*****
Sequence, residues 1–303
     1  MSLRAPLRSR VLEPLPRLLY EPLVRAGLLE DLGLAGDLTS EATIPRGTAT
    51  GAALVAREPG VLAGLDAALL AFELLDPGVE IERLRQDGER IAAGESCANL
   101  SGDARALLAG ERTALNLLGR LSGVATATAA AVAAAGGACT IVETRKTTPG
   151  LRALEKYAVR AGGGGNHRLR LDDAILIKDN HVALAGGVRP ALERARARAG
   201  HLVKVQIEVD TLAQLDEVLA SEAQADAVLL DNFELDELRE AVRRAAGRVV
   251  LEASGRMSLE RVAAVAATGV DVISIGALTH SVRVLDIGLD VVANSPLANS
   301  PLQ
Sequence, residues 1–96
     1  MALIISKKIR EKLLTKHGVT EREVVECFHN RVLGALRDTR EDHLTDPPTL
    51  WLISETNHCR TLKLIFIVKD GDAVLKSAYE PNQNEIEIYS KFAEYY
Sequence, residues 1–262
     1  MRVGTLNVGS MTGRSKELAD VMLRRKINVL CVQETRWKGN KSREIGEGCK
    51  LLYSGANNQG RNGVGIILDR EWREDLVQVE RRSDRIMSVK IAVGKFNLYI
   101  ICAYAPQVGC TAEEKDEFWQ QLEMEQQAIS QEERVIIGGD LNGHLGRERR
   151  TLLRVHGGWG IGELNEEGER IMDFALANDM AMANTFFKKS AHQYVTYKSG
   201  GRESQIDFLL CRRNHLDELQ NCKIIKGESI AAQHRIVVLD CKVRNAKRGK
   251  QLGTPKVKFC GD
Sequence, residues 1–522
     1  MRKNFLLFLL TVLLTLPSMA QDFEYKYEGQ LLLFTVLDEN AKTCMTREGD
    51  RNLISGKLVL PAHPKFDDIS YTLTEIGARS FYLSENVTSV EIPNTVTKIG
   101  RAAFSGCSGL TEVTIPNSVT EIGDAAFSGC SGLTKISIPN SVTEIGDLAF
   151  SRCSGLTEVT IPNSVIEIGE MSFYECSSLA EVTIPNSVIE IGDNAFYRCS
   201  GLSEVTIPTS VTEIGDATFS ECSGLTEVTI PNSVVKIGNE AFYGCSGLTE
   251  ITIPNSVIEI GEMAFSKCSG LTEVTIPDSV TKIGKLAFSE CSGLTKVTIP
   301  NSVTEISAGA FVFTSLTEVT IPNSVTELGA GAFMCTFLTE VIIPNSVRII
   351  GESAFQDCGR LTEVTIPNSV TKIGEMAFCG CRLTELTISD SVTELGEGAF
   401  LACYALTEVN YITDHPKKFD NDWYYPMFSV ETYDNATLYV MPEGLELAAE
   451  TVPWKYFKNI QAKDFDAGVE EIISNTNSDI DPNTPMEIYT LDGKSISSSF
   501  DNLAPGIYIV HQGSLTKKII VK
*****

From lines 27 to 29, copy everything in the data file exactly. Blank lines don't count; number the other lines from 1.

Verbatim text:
   351  GESAFQDCGR LTEVTIPNSV TKIGEMAFCG CRLTELTISD SVTELGEGAF
   401  LACYALTEVN YITDHPKKFD NDWYYPMFSV ETYDNATLYV MPEGLELAAE
   451  TVPWKYFKNI QAKDFDAGVE EIISNTNSDI DPNTPMEIYT LDGKSISSSF